She glanced at herself in the mirror, noticing her perfect almond-shaped eyes glimmering with the colors of the sea, her luscious waterfall of silky hair rippling in the conveniently timed summer breeze.  A delicate peach-pink blush graced her flawless, smooth skin, and her rosebud lips curled into a smile reminiscent of a glorious sunrise.  For a moment, her breath caught in her throat at the sight of herself in her mirror, then she sighed wistfully.  No, it couldn’t be.  Oh, there was absolutely NO WAY she was conventionally beautiful.

I’m sorry, I think I’m going t-



image source: /

I’m not kidding when I say that was actually painful for me to write and proofread.  There are literal tears in my eyes right now.  Can you see now why this is my greatest pet peeve?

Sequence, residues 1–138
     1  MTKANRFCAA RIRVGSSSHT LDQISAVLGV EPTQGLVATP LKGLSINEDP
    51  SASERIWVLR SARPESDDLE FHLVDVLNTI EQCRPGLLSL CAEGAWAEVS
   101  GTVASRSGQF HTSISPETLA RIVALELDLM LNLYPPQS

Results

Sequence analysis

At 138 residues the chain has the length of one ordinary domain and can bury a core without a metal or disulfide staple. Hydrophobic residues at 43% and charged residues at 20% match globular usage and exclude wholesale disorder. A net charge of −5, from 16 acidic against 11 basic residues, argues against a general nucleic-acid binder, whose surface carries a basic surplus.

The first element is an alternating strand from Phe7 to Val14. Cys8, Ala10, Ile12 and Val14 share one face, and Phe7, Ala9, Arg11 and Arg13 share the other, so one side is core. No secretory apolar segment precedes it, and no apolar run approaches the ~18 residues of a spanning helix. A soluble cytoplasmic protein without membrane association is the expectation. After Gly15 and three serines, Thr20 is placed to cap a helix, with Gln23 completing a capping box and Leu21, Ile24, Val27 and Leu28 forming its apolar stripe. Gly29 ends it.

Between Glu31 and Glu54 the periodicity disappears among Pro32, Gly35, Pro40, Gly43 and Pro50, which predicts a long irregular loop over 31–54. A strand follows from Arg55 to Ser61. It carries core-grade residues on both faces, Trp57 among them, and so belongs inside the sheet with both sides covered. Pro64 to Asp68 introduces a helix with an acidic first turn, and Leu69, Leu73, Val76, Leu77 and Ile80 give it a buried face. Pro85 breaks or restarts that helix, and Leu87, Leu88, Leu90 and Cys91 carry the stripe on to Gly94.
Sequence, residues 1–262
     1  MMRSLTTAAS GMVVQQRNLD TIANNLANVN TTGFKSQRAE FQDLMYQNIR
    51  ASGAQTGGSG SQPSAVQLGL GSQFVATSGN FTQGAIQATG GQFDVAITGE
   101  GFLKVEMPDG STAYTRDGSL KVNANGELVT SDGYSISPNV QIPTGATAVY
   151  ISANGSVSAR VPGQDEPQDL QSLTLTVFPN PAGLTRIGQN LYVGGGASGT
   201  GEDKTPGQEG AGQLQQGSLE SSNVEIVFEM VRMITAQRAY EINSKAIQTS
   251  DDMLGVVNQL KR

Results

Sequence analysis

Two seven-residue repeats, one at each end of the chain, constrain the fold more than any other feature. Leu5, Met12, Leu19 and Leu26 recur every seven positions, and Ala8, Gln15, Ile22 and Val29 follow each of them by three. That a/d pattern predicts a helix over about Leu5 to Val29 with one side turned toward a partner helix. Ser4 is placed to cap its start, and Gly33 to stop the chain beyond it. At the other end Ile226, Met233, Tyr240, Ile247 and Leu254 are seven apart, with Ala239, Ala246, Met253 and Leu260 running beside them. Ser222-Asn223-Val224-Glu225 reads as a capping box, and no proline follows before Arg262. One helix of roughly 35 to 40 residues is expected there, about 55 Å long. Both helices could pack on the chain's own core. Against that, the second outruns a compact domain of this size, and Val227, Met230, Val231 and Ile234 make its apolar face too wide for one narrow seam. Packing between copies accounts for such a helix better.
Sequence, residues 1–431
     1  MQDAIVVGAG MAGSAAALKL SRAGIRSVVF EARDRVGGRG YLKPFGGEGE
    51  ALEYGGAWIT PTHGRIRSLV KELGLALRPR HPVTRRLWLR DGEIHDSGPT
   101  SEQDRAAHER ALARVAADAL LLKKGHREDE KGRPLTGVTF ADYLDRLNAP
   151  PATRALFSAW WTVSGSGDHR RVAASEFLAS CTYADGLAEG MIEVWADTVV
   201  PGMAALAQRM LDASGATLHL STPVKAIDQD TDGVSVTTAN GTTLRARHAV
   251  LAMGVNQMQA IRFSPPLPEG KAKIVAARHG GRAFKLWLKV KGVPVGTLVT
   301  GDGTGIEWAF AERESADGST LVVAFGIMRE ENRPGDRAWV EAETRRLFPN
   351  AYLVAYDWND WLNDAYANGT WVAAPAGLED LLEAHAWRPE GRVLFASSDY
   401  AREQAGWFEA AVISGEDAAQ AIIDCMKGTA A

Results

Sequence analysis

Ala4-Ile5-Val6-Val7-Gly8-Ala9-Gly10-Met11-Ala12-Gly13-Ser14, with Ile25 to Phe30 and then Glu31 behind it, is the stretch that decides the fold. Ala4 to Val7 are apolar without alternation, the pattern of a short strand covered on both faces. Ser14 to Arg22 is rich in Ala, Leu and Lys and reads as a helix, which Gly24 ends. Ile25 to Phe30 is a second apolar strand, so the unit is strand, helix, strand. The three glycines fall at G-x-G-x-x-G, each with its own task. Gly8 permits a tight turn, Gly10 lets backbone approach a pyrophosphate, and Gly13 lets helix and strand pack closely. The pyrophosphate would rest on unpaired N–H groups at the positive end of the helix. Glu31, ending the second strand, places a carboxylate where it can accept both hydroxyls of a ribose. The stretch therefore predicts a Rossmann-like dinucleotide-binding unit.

Dear authors: if you’re going to write a beautiful character, make it important to the plot, or to their character development.  Perhaps they use their beauty to seduce the villain, or maybe it is a result of their lineage (such as faeries and elves in the fantasy genre, or god/goddess status).  Bringing back the example of Celaena Sardothien, her beauty is necessary to her personality, since it adds to her confidence and flamboyancy.  Apart from that, her beautiful appearance is also a result of her fae lineage, which is an important part of her past and the story arc.  Writing a conventionally* beautiful character is tolerable if it’s central to their characteristics and psyche.  One of the best pieces of novel-writing advice I’ve ever read is: If it doesn’t move the plot or develop the character, don’t include it!